Table 1.1Effect of fiber and matrix on 1.3 Fundamental Property Relationships

mechanical properties
Dominating composite constituent When a unidirectional continuous-fiber lam-
Mechanical property Fiber Matrix ina or laminate (Fig. 1.11) is loaded in a di
Unidirectional rection parallel to its fibers (0 or 11-direction),
0 tension
0 compression the longitudinal modulus E11 can be estimated
Shear from its constituent properties by using what is
90 tension known as the rule of mixtures:

E11 = EfVf + EmVm (Eq 1.1)
In-plane shear
Interlaminar shear where Ef is the fiber modulus, Vf is the fiber vol-
ume percentage, Em is the matrix modulus, and
Vm is the matrix volume percentage.
The longitudinal tensile strength s11 also can
as many of the layers as possible in the main be estimated by the rule of mixtures:
load-carrying direction. While this approach
may work for some structures, it is usually nec- s11 = sVf + smVm (Eq 1.2)
essary to balance the load-carrying capability
in a number of different directions, such as the where sf and sm are the ultimate fiber and ma-
0, +45, -45, and 90 directions. Figure 1.10 trix strengths, respectively. Because the proper-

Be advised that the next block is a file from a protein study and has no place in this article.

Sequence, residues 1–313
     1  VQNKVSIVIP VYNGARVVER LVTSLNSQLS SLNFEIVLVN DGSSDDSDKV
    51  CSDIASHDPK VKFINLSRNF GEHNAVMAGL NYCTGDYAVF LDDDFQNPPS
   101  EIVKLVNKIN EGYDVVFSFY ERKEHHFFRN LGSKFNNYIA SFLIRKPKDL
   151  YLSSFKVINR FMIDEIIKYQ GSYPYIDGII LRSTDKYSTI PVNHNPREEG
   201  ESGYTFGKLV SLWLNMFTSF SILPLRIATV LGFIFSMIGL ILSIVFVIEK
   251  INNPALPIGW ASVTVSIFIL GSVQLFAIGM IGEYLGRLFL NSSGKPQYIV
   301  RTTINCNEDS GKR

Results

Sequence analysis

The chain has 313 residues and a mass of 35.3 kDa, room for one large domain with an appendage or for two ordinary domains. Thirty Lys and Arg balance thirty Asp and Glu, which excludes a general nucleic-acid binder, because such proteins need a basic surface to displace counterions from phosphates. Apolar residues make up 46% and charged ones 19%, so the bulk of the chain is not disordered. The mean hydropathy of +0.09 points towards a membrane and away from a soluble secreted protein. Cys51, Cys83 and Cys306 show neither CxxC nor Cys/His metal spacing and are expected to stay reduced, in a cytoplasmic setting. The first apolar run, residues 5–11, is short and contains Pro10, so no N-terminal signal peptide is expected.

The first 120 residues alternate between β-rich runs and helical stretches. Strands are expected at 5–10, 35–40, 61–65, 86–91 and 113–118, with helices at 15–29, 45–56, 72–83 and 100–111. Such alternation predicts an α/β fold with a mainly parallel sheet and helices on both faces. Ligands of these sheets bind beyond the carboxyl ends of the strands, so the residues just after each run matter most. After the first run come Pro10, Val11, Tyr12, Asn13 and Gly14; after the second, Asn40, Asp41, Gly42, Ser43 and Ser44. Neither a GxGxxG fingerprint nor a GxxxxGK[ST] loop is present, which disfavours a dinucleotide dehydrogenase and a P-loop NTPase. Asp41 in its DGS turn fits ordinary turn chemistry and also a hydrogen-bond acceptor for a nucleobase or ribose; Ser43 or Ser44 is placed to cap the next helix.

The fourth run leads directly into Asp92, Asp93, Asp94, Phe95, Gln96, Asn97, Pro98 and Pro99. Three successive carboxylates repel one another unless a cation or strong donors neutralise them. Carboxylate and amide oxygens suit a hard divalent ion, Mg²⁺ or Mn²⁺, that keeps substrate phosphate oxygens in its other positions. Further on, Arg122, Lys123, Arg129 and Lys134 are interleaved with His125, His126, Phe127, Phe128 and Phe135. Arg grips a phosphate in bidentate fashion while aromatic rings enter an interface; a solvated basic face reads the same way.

shows a photomicrograph of a cross-plied con- ties of the fiber dominate for all practical vol-
tinuous carbon fiber/epoxy laminate. A balanced ume percentages, the values of the matrix can
laminate having equal numbers of plies in the often be ignored; therefore:
0, +45, 45, and 90 degrees directions is
called a quasi-isotropic laminate, because it car- E11 EfVf (Eq 1.3)
ries equal loads in all four directions. s11 sVf (Eq 1.4)
Chapter 1: Introduction to Composite Materials / 9

Fig. 1.10 Cross section of a cross-plied carbon/epoxy laminate

Fig. 1.11 Unidirectional continuous-fiber lamina or laminate

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Figure 1.12 shows the dominant role of the fi- n12 = nfVf + nmVm (Eq 1.6)
bers in determining strength and stiffness. When 1/G12 = Vf /Gf + Vm/Gm (Eq 1.7)
loads are parallel to the fibers (0), the ply is
much stronger and stiffer than when loads are These expressions are somewhat less useful
transverse (90) to the fiber direction. There is a than the previous ones, because the values for
dramatic decrease in strength and stiffness re- Poissons ratio (nf) and the shear modulus (Gf)
sulting from only a few degrees of misalignment of the fibers are usually not readily available.
off of 0. Physical properties, such as density (r), can
When the lamina shown in Fig. 1.11 is loaded also be expressed using rule of mixture relations: